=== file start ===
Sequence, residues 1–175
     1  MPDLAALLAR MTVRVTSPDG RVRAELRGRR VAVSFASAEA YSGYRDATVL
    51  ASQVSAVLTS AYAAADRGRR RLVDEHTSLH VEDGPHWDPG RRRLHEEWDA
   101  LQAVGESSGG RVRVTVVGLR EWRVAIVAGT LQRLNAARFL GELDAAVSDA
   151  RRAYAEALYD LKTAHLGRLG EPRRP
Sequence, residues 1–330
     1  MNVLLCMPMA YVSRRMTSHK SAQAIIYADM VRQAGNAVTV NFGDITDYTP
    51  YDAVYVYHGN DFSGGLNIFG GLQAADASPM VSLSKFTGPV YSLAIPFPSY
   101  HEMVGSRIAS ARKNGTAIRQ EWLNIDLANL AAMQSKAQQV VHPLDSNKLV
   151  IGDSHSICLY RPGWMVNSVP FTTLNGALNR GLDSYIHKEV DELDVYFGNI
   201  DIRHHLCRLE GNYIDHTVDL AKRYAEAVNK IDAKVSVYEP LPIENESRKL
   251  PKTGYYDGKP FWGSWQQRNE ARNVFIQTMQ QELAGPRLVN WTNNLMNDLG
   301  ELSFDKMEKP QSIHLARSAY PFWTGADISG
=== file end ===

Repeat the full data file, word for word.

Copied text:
Sequence, residues 1–175
     1  MPDLAALLAR MTVRVTSPDG RVRAELRGRR VAVSFASAEA YSGYRDATVL
    51  ASQVSAVLTS AYAAADRGRR RLVDEHTSLH VEDGPHWDPG RRRLHEEWDA
   101  LQAVGESSGG RVRVTVVGLR EWRVAIVAGT LQRLNAARFL GELDAAVSDA
   151  RRAYAEALYD LKTAHLGRLG EPRRP
Sequence, residues 1–330
     1  MNVLLCMPMA YVSRRMTSHK SAQAIIYADM VRQAGNAVTV NFGDITDYTP
    51  YDAVYVYHGN DFSGGLNIFG GLQAADASPM VSLSKFTGPV YSLAIPFPSY
   101  HEMVGSRIAS ARKNGTAIRQ EWLNIDLANL AAMQSKAQQV VHPLDSNKLV
   151  IGDSHSICLY RPGWMVNSVP FTTLNGALNR GLDSYIHKEV DELDVYFGNI
   201  DIRHHLCRLE GNYIDHTVDL AKRYAEAVNK IDAKVSVYEP LPIENESRKL
   251  PKTGYYDGKP FWGSWQQRNE ARNVFIQTMQ QELAGPRLVN WTNNLMNDLG
   301  ELSFDKMEKP QSIHLARSAY PFWTGADISG